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Section, Township & Range

Research in Public Land Records

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Surveyor using a theodolite instrument outdoors
Alistair Berg/Photodisc/Getty Images
Public land in the United States is land that was originally transferred directly from the federal government to individuals, to be distinguished from land that was originally granted or sold to individuals by the British Crown. Public lands (public domain), consisting of all land outside the original 13 colonies and the five states later formed from them (and later West Virginia and Hawaii), first came under government control following the Revolutionary War with the enactment of the Northwest Ordinance of 1785 and 1787. As the United States grew, additional land was added to the public domain through the taking of Indian land, by treaty, and by purchase from other governments.

Public Land States

The thirty states formed from the public domain, known as public land states, are: Alabama, Alaska, Arizona, Arkansas, California, Colorado, Florida, Idaho, Illinois, Indiana, Iowa, Kansas, Louisiana, Michigan, Minnesota, Mississippi, Missouri, Montana, Nebraska, Nevada, New Mexico, North Dakota, Ohio, Oklahoma, Oregon, South Dakota, Utah, Washington, Wisconsin, and Wyoming. The original thirteen colonies, plus Kentucky, Maine, Tennessee, Texas, Vermont, and later West Virginia and Hawaii, form what is known as the state land states.

Rectangular Survey System of Public Lands

One of the biggest differences between land in the public land states and state land states is that public land was surveyed prior to being made available for purchase or homesteading, using the rectangular-survey system, otherwise known as the township-range system. When a survey was done on new public land, two lines were run at right angles to each other through the territory - a base line running east and west and a meridian line running north and south. The land was then divided into sections from the point of this intersection as follows:
  • Township & Range - Townships, a major subdivision of public lands under the rectangular survey system, measure approximately six miles on a side (thirty-six square miles). Townships are then numbered from the base line north and south and then from the meridian line east and west. The east/west identification is known as the Range. A Township is identified by this relationship to a base line and a principal meridian.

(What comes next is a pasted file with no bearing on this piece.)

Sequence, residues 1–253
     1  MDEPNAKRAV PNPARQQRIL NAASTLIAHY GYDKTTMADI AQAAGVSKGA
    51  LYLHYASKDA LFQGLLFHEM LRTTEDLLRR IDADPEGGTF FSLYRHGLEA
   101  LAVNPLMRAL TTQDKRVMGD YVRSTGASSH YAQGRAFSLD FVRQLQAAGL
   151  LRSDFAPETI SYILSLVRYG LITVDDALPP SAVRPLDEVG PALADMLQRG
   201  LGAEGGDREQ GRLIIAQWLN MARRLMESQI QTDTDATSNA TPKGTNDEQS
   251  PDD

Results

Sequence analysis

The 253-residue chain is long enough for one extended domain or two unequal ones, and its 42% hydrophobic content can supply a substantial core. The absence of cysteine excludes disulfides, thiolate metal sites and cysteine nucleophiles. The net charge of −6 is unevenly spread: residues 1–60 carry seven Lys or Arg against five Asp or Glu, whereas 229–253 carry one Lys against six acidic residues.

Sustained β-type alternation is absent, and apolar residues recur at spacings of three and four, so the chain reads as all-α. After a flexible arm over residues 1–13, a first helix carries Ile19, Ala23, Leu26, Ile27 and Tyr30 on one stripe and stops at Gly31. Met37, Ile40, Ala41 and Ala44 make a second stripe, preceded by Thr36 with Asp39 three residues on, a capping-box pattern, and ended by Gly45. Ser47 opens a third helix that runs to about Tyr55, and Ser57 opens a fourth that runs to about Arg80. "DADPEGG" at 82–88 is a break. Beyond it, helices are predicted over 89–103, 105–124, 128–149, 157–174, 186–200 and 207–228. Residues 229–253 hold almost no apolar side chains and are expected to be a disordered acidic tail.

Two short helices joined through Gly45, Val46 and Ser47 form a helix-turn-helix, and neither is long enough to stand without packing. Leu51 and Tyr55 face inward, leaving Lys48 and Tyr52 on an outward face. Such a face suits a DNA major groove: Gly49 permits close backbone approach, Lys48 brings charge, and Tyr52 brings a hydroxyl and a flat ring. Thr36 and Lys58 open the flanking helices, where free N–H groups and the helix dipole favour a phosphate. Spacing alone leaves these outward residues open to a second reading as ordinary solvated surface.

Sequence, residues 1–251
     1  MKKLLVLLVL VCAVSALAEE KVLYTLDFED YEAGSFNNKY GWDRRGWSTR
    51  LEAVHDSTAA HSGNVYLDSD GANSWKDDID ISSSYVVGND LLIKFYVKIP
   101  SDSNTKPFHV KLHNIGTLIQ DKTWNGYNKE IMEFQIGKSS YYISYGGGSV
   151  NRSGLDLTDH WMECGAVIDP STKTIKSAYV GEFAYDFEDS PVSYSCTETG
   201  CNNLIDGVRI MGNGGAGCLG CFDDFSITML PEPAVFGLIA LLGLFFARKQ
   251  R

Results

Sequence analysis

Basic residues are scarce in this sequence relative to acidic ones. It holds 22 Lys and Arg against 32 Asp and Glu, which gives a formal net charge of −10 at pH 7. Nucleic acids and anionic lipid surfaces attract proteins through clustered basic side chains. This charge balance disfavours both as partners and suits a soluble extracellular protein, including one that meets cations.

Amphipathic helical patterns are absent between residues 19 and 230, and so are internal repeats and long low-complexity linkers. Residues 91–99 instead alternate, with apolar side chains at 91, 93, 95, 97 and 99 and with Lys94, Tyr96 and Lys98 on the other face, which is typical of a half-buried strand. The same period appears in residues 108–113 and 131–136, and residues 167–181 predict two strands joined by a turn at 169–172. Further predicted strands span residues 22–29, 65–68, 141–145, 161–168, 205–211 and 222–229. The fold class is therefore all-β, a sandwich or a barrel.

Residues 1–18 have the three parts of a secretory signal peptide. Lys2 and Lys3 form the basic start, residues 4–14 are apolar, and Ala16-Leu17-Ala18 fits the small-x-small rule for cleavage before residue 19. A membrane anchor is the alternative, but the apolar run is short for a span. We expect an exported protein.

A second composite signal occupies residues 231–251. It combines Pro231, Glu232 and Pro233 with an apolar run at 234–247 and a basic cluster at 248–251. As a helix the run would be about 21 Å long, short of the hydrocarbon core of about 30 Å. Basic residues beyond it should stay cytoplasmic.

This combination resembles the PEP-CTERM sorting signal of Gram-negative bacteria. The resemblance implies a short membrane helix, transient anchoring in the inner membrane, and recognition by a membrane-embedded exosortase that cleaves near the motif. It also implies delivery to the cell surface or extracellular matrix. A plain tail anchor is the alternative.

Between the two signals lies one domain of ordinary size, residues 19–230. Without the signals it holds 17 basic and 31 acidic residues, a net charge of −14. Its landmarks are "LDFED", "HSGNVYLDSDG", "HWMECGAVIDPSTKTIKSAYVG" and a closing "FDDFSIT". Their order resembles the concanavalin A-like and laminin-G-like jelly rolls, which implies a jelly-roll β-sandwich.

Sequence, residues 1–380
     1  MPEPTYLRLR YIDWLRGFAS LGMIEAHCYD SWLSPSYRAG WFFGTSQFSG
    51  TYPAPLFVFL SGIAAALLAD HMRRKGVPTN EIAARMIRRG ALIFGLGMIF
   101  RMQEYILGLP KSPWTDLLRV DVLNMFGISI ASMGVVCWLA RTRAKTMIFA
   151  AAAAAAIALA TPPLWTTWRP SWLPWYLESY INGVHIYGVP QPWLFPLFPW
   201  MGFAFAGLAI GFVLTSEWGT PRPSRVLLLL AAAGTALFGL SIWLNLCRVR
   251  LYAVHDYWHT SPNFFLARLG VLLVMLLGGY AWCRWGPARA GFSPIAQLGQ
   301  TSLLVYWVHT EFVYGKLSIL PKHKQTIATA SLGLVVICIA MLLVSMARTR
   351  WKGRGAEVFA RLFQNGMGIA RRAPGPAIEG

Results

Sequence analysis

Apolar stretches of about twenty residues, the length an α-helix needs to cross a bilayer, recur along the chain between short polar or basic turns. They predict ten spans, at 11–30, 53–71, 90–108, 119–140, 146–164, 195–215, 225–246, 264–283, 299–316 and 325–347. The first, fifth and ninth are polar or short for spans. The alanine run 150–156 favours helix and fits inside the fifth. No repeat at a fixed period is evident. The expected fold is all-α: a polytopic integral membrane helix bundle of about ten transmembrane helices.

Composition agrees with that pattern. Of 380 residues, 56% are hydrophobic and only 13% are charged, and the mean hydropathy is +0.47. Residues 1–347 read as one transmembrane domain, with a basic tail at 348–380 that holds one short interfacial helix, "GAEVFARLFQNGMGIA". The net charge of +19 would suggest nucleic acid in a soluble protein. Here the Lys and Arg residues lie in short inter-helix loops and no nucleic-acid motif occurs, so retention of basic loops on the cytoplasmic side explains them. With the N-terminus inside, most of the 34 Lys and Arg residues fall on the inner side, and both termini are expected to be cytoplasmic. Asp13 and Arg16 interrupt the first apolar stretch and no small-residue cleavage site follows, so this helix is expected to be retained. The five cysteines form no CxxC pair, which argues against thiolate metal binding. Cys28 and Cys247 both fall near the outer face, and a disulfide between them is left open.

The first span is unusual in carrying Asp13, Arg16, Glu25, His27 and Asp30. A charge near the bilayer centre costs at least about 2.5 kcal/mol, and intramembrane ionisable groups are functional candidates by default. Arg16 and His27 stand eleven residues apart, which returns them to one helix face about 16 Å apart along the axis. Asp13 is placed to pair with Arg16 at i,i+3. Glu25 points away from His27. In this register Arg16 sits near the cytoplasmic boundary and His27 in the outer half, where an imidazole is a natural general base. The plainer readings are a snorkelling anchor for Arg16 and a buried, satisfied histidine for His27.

Example: Township 3 North, Range 9 West, 5th Principal Meridian identifies a specific township that is 3 tiers north from the base line and 9 tiers west (Range) of the 5th Principal Meridian.

  • Section Number - Townships were then further broken down into thirty-six sections of 640 acres each (one square mile) called sections, which were numbered with reference to the base line and meridian line.

  • Aliquot Parts - Sections were then further subdivided into smaller pieces, such as halves and quarters, while still (generally) keeping the land in a square. Aliquot Parts were used to represent the exact subdivision of each such section of land. Halves of a Section (or subdivision thereof) are represented as N, S, E, and W (such as the north half of section 5). Quarters of a Section (or subdivision thereof) are represented as NW, SW, NE, and SE (such as the northwest quarter of section 5). Sometimes, several Aliquot Parts are required to accurately describe a parcel of land.

    Example: ESW denotes the east half of the southwest quarter of a section, containing 80 acres.

In general:

  • a township contains 23,040 acres
  • a section contains 640 acres,
  • a half section contains 320 acres,
  • a quarter section contains 160 acres,
  • a half of a quarter contains 80 acres,
  • a quarter of a quarter contains 40 acres, etc.

A legal land description for the public land states might, for instance, be written as: the west half of the northwest quarter, section 8, township 38, range 24, containing 80 acres, usually abbreviated as W½ of NW¼ 8=T38=R24, containing 80 acres.

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